There is a horrendous series of advertisements on TV at the moment for an online department store called ‘Very’. One of the adverts shows a pretty girl wearing a 1970’s style jumpsuit telling us that we should buy it because it makes the wearer look ‘taller and slimmer’. Another in this series features the beautiful and naturally curvy TV presenter Holly Willoughby wearing a silver party dress. She confides with the camera/viewer that she loves the dress’s ruched waistband because it hides a ‘multitude of sins’. I nearly spat my coffee out when I saw that blatant example of exploitation of women’s negative body image. Now, I don’t want to go massively off-piste and discuss in-depth the feminist implications of these adverts, but I do want to highlight the negativity involved in advertising. I feel you can detach yourself from it to a certain extent by not being their ‘target customer’. I certainly don’t want to endorse that kind of message by buying their products and effectively funding the creation of those adverts. The time that ‘Very’ (.co.uk) assumes I spend, or would like me to spend, feeling insecure and rubbish about the size of my belly or my height, I would prefer to spend reading a funny book, looking for vintage sewing patterns on eBay, or stitching myself a new jacket. Sorry about that, ‘Very’.
One thing that is unarguably advantageous about buying new compared to second hand is choice and accessibility. Shopping for stuff today does give you a vast (some would say overwhelming) array of options. So how comes, having ascertained a want/need for a new pair of jeans for example, does the ensuing process of shopping for said item so often feel like going into battle? Shopping for new stuff despite of, if not because of, the amount of choice on offer to us is usually NOT an enjoyable experience. And let’s be honest, the idea that we have great choice of products available to us is pretty false when most of what a retailer has on offer is near-identical to the other retailers. I would argue that in some cases more variety can be found when looking for something second hand, because most retailers are afraid to invest in stocking products that don’t fit in to the prevailing current trends, be that sofas, shoes or TVs. There are also well-documented statistics which prove that people (AKA consumers) are less happy now than they were sixty years ago, despite this ‘utopia’ of products available to fulfil each wish and desire.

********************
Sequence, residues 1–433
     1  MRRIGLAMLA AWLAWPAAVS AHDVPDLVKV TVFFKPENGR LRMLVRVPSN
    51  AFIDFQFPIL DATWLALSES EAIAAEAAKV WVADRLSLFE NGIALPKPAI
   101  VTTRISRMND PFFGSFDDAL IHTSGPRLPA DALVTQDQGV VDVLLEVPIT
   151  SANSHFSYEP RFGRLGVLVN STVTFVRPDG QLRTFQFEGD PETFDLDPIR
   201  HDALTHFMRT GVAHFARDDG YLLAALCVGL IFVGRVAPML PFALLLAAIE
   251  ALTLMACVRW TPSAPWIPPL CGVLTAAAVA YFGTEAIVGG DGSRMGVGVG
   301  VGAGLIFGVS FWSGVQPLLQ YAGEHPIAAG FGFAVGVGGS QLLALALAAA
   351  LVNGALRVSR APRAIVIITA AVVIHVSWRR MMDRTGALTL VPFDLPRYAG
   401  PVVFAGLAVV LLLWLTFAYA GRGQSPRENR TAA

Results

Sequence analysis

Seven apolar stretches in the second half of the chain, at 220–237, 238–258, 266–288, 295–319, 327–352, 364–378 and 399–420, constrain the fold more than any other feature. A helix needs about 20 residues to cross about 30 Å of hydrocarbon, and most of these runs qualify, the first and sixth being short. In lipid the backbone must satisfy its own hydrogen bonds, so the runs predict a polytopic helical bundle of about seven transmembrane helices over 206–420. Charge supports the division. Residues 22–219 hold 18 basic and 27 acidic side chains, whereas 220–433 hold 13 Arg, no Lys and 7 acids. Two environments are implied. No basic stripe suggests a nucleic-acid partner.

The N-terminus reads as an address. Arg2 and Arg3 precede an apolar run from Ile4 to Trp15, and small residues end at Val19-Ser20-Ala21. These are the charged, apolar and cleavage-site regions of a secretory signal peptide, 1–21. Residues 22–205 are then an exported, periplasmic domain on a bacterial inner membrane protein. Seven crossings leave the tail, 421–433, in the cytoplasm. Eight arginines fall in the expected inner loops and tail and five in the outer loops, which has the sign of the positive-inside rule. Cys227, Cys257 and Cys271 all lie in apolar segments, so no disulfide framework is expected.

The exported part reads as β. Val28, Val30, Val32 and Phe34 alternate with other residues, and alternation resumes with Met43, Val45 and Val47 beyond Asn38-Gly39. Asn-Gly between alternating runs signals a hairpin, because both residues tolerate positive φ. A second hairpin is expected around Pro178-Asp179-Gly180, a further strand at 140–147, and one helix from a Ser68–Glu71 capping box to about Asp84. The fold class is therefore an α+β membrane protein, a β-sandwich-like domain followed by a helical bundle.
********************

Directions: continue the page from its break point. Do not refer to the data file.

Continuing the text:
I would go as far as to argue that the choice of products we have available to us, and the process we go through to choose what to buy, provides a feeling of power. But it's a kind of false power when most of the places you can buy stuff are all owned by the same multinationals if you research far enough up the food chain. People often used to exercise power by involvement in local and national politics and issues, involvement in trade unions, community groups and other collectives. Involvement in those things has been marginalised, which is to our own societies detriment. What do we do with our time instead? Well, shop mostly.
Availability and Ease
Agreed, when you want to buy a certain product, a kettle say, by going to a retailer that sells new kettles, you are guaranteed to walk away with one and can usually be sitting at home with a cup of tea within the hour. Believe me, I am well aware that you can’t so easily walk into a second hand shop with a shopping list and expect to have all that ticked off by the end of the day. But we managed to kit out most of our kitchen with second hand equipment (I know some people are going to find that a bit icky!) with a bit of patience. There is certainly a hunter-gathering-related instinctive thrill to be got from a successful second hand shopping trip which is infinitely more of a buzz than I would achieve having walked out of Topshop or Urban Outiftters having made a purchase. When there is so much stuff freely available RIGHT NOW, there is always the feeling that ‘maybe I should have gone to a couple more shops to have found something a bit more suitable’. By comparison, a charity shop purchase makes you feel 'WIN!!!!!!'.